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Issue No. 231 30 July 2004  

Bright Sparks
Australia is facing a major crisis that could affect all of us in the decades to come, a shortage of skilled apprentices, tomorrowís tradespeople who are the backbone of the economy.


Interview: Power and the Passion
ALP's star recruit Peter Garrett shares his views on unions, forests and being the Member for Wedding Cake Island

Unions: Tackling the Heavy Hitters
Tony Butterfield became a State of Origin gladiator at the unlikely age of 33. Even that, Jim Marr reports, couldnít prepare him for the knock-down, drag-em-out world of modern IR.

Industrial: Seeing the Forest For The Wood
Proposals to flog off NSWís forests have raised eyebrows and temperatures amongst some of the key players reports Phil Doyle.

Housing: Home Truths
CFMEU national secretary John Sutton argues for a radical solution to the housing affordability crisis.

International: Boycott Busters
International unions have issued a new list of corporations breaching ILO sanctions to do business in Burma.

Economics: Ideology and Free Trade
The absurdities of neoclassical economic assumptions has never stood in the way of their being trotted out to justify profiteering and attacks on the rights of citizens. The AUSFTA is the latest rort we are supposed to swallow, writes Neale Towart.

History: Long Shadow of a Forgotten Man
Interest in JC Watson's short time as Labor's first Prime Minister should not detract from his more substantial role as Party leader, writes Mark Hearn

Review: Chewing the Fat
As debate rages in Australia about Fast Food advertising, Julianne Taverner takes a look at a side of the industry that Ronald McDonald wonít tell you about in Supersize Me.

Poetry: Dear John
Workers Online reader Rob Mullen shares some personal correspondence with our glorious leader.


 Goons, Scabs in Desert Showdown

 High Jump for Hardies

 Task Force in Hiding

 Court Cans Radio Bully

 Trade Deal Muddies Water

 Union Saves Kevinís Bacon

 CFMEU Bowls Howard Model

 Mildura Bans Toxic Avenger

 Breakthrough Saves 87 Positions

 Two Million Jobs Traded

 Death Halts Sydney Tunnel

 Trainees Score $200,000

 Apprentice Crisis Worsens

 Activists Whatís On!


The Westie Wing
As the NSW Labor Government sells its first budget deficit in nine years, the real concern for the union movement is the devil in the detail, especially when it comes to procurement agreements, writes Ian West.

The Soapbox
Rubber Bullets
Labor's IR spokesman Craig Emerson launches a few characteristic salvos across the Parliamentary chamber

The Locker Room
Tears After Bedtime
Phil Doyle says that it's all fun and games until someone loses an eye

Postcard from Vietnam
APHEDA's Hoang Thi Le Hang reports from the north of Vietnam on a project being fund by Australian unionists.,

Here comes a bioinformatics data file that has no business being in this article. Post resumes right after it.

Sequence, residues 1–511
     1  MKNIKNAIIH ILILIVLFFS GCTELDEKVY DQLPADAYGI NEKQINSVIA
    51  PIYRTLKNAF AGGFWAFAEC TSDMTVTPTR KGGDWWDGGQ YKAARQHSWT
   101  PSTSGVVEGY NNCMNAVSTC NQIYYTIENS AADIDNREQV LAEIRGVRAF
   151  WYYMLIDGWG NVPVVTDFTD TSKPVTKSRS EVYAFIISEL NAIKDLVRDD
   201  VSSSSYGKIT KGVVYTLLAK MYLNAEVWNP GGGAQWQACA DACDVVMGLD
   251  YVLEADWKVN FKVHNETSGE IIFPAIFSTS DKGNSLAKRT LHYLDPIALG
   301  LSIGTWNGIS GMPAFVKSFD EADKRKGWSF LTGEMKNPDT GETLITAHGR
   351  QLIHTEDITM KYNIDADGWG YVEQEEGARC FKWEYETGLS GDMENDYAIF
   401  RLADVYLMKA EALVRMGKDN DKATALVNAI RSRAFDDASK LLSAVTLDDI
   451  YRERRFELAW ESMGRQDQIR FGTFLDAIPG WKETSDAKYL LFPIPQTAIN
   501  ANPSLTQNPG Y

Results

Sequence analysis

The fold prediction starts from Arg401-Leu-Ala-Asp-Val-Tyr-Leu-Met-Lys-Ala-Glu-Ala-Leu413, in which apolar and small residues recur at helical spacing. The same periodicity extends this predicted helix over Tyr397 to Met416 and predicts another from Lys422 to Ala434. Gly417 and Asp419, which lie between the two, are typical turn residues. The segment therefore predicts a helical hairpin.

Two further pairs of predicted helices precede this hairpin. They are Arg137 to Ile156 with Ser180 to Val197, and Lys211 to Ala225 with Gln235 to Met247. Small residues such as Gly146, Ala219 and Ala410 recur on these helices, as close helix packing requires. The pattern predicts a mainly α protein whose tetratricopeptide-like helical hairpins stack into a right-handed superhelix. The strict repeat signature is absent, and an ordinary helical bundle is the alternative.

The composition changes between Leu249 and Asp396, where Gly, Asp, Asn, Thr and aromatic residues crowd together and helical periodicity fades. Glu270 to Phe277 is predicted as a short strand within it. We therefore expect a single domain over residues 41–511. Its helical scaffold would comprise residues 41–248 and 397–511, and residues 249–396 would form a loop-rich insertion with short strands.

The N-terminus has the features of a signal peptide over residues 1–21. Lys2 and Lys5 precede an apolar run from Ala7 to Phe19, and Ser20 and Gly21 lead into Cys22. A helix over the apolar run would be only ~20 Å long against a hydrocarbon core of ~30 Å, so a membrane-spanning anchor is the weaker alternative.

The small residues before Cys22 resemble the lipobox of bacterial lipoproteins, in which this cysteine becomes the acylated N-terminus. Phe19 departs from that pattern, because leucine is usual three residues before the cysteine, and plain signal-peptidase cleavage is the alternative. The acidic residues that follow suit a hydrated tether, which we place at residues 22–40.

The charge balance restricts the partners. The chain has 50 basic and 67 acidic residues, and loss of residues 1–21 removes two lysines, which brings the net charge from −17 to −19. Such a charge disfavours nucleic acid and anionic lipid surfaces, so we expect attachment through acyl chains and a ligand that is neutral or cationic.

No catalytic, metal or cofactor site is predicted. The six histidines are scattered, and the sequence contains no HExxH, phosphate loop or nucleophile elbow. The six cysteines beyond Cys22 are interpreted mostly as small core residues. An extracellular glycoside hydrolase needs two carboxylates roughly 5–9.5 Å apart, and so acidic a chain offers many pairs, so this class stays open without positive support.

Left Holding The Baby
 Tom On Alienation
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Union Saves Kevinís Bacon

In a move to recover A$700,000 in wages owed to its members, an American union has sold the rights to seven films featuring stars such as Kevin Bacon, Calista Flockhart, Rosanna Arquette and David Bowie.

The Screen Actors Guild (SAG) sold the rights at the union's first-ever foreclosure auction in a stand against problem producers.

The union says that the effort sends a message to delinquent producers that it will not stand by as its members are deprived of the full compensation owed them for their work.

"Producers who do not take their contractual responsibilities seriously must understand that this was not a one-time event. We will protect our members from problem producers who have a track record of not paying our members for their work," says SAG Deputy Assistant General Counsel Duncan Crabtree-Ireland.

As part of the Guild's collective bargaining agreements, producers frequently guarantee payments to performers and use the film rights as a form of collateral. In this instance, once the producers defaulted on their residual payments - which total over US$400,000 for the seven films - SAG began pursuing the delinquent residuals until finally exercising its option to foreclose.

The seven titles auctioned by the Guild were all independent productions that feature a number of notable lead performers. One film sold for five figures.

The seven titles are: Blood Money (1996); Delivered (1998); The Linguini Incident (1991); Skeletons (1996); Telling Lies in America (1997); Traveller (1997); Under Heaven (1998).

Established in 1933, SAG has a rich history in the American labour movement, from standing up to studios to break long-term engagement contracts in the 1940s to fighting for artists' rights amid the digital revolution of the 21st century.

SAG, an affiliate of the AFL-CIO, represents nearly 120,000 actors in film, television, industrials, commercials and music videos.


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